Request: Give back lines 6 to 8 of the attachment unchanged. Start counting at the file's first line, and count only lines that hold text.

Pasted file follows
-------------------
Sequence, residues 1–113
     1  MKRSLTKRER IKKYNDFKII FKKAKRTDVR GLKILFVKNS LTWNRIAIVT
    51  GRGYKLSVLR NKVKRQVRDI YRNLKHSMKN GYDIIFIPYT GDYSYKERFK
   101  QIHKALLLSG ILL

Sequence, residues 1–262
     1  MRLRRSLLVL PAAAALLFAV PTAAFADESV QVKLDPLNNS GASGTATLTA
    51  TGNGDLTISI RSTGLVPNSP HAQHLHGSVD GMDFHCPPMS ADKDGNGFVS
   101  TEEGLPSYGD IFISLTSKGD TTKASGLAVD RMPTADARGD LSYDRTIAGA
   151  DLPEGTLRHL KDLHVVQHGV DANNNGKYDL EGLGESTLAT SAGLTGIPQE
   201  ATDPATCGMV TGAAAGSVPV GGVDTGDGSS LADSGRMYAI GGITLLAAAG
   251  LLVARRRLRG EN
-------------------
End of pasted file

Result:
     1  MRLRRSLLVL PAAAALLFAV PTAAFADESV QVKLDPLNNS GASGTATLTA
    51  TGNGDLTISI RSTGLVPNSP HAQHLHGSVD GMDFHCPPMS ADKDGNGFVS
   101  TEEGLPSYGD IFISLTSKGD TTKASGLAVD RMPTADARGD LSYDRTIAGA